expert’s time and expenses.

(W.D. Mo. Doc. #12 at 12).
Mr. Bucklew also attached to his district court pleadings copies of the state
court dockets, one (of many) examples of petitions for writ of mandamus seeking
funding, and one of the Missouri Attorney General’s responses in opposition. (W.D.
Doc. #12, Exh. 3, 4; Doc. #16, Exh. 1 (State’s Opposition in mandamus action)).
As the panel observed in its now-vacated opinion, Mr. Bucklew repeatedly
sought funds, and his efforts were repeatedly opposed by the State. (8
th
Cir., panel
op. at 3, 10, 11).
Mr. Bucklew also points out – as the Court already knows -- that it is
difficult, if not impossible to get experts to work for no fee. Indeed, Dr. Adam Cohen,
the first expert whom Bucklew’s counsel contacted and whose affidavit was the
basis of repeated funding requests, required an estimated $7,200 to perform a
review of Mr. Bucklew’s medical records and render an opinion. Dr. Cohen has
maintained that stance, and Mr. Bucklew’s counsel were unable to secure his
services for the extensive work needed for no compensation. Counsel subsequently
were fortunate enough to locate Dr. Gregory Jamroz and Dr. Joel Zivot. Dr. Zivot,
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in particular, has expended substantial hours in this case – including making a trip
to the prison to examine Mr. Bucklew -- with his only hope of compensation a
relatively modest amount that a member of the Bucklew family intends to provide.
Without question, this Court recognizes the necessity of expert funding to
assist counsel appointed under the Criminal Justice Act, as stated in Ake v.
Oklahoma, 470 U.S. 68 (1985) and Harbison v. Bell, 129 S. Ct. 1481 (2009). It is an
affront to the Constitution to expect that an indigent prisoner’s attorneys should
rely on the charity of experts to provide services necessary for representation.
Indeed, funds for such expert services are specifically authorized under 18
U.S.C. §§ 3006A(e)(1) and 3599(f) and required under the Fifth, Sixth, and Eighth
Amendments to the United States Constitution. See generally, Ake v. Oklahoma,
470 U.S. 68 (1985)(due process requires a defendant be provided with court-
appointed psychiatric assistance at trial and during sentencing if he demonstrates
his mental state will be a significant factor in those proceedings.); Walker v.
Oklahoma, 167 F. 3d 1339, 1347-1349 (10th Cir.), cert. denied, 528 U.S. 987
(1999)(under Ake, the state in a capital case should have provided Mr. Walker with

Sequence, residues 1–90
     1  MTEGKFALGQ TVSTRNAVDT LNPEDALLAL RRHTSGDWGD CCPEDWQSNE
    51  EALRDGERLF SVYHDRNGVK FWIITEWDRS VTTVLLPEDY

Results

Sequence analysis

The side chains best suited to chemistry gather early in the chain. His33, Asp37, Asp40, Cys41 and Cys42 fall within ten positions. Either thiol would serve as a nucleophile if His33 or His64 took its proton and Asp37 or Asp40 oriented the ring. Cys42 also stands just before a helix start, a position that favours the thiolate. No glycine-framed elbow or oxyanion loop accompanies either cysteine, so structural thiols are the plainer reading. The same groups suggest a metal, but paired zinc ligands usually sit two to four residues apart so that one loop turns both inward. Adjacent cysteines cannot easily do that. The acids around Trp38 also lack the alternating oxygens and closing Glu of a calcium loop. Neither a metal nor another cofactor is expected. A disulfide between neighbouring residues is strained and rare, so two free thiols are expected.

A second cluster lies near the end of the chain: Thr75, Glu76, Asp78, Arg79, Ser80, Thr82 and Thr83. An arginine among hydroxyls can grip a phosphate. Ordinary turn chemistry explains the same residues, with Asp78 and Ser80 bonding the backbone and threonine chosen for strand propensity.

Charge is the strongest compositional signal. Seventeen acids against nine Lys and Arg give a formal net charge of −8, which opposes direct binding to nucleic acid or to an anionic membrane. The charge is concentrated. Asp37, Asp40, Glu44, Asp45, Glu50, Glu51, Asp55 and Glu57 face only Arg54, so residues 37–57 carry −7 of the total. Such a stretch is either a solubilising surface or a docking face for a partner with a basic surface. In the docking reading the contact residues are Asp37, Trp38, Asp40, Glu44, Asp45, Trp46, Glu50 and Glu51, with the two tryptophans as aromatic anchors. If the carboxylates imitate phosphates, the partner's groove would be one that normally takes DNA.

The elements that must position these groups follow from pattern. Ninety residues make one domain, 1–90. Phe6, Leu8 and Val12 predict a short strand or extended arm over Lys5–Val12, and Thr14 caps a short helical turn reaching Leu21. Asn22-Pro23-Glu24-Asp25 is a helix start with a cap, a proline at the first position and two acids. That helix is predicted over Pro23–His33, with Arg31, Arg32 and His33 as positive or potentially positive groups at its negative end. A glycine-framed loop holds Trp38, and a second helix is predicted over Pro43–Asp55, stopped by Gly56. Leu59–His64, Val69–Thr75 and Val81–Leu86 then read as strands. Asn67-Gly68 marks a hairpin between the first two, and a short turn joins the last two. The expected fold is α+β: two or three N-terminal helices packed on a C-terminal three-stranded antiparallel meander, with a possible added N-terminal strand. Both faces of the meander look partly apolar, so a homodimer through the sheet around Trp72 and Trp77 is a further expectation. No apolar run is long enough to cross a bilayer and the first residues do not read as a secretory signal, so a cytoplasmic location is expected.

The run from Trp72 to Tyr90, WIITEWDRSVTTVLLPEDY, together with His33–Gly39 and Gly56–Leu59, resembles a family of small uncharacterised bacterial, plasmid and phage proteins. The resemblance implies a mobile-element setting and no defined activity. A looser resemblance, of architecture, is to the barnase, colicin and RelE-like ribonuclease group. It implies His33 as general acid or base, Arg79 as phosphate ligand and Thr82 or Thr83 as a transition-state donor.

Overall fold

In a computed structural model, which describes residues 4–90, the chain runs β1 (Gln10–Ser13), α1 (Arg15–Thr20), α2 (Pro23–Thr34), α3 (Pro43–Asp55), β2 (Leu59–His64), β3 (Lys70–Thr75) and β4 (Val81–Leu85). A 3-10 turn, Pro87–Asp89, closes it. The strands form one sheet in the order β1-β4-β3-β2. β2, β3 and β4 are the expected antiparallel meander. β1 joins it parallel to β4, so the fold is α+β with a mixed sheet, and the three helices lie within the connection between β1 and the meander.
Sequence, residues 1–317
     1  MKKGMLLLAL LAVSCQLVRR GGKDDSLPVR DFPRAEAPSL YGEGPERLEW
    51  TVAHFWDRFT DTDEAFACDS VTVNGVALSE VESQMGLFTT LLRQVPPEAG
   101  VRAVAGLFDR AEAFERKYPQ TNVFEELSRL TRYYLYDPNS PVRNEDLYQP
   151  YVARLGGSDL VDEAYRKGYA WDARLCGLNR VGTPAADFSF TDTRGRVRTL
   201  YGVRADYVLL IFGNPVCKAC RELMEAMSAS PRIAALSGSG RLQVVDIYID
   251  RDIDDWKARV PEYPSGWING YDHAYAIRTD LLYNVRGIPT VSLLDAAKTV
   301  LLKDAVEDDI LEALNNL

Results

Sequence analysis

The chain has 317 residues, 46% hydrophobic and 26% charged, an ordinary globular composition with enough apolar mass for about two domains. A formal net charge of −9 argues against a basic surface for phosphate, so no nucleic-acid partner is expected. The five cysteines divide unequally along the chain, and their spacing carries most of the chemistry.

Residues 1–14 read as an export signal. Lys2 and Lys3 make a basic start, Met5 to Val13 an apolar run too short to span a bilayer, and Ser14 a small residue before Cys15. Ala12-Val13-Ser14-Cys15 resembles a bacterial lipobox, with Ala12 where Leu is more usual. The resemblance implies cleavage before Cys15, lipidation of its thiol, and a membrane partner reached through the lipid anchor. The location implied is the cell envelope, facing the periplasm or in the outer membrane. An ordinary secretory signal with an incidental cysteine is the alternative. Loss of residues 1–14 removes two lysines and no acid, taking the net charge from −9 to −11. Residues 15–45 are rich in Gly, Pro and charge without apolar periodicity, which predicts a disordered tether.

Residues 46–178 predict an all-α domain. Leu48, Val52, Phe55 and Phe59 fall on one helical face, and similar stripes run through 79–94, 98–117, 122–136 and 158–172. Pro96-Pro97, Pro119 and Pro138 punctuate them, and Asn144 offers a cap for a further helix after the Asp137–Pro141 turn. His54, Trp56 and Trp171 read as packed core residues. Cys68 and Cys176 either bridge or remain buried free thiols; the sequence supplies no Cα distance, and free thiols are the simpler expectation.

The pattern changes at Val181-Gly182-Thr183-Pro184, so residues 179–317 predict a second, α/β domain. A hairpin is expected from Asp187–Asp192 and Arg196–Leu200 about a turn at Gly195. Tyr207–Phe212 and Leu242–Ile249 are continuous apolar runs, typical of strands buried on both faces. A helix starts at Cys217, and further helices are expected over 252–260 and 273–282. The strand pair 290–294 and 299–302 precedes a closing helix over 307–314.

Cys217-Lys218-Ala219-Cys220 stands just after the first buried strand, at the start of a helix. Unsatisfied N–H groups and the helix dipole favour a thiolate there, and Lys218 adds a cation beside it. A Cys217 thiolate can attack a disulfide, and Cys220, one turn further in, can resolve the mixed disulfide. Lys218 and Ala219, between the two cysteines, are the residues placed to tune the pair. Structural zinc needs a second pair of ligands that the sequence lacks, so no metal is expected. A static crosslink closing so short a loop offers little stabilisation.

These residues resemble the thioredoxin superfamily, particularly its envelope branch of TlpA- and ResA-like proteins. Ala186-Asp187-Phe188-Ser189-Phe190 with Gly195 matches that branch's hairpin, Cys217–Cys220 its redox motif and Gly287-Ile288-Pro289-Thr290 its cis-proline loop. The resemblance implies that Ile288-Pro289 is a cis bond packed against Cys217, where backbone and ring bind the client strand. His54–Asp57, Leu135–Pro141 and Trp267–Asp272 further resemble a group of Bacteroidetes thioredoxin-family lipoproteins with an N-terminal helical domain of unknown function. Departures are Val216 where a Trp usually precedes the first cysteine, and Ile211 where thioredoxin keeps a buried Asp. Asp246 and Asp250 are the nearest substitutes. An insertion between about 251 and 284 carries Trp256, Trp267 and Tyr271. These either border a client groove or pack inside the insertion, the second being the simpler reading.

the opportunity for the CT scan and electroencephalogram testing that his
consulting neurologist and other experts recommended.)
In sum, Respondents’ arguments regarding Petitioner’s supposed
untimeliness have no basis in fact, and appear to be an effort to distract from
Respondents’ failure to provide adequate medical care – including diagnostic
imaging tests and monitoring – for Mr. Bucklew during the past four years. It is
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the State of Missouri, not Mr. Bucklew’s counsel – who are currently working with
no CJA funding themselves – that has the resources and ability to obtain the
necessary testing.
REPLY TO ARGUMENTS CONCERNING BAZE v REES,
This Court’s decision in Baze v. Rees, 553 U.S. 35 (2008), has been
misconstrued and misinterpreted by the lower courts. The prisoners in Baze, as
part of their litigation, chose to propose an alternative means of execution. Nothing
in the Court’s decision requires all petitioners with Eighth Amendment claims to
propose a “feasible,” “alternative” method of execution when no such method is
known, or no such alternative is authorized by state law. In Missouri, the death
penalty statute, Mo. Rev. Stat. 546.720 authorizes officials to carry out the death
penalty only through “the administration of lethal gas or by means of the
administration of lethal injection.” Lethal gas is not presently known to be an
option in Missouri, and, in Mr. Bucklew’s case, the present question concerns the
ability to execute him, consistent with the Constitution, by lethal injection. Given
his rare and unique condition, which involves clumps of weakened and malformed
veins, it is not known – and cannot be known – what “alternative” is truly “feasible”
at present in light of the lack of recent medical imaging tests and the lack of any
knowledge as to the efficacy, availability and side effects of other drugs that might
be used in lethal injection.
To the extent that this Court, or any lower court, believes that pleading an
“alternative method” is necessary, Mr. Bucklew has indeed proposed an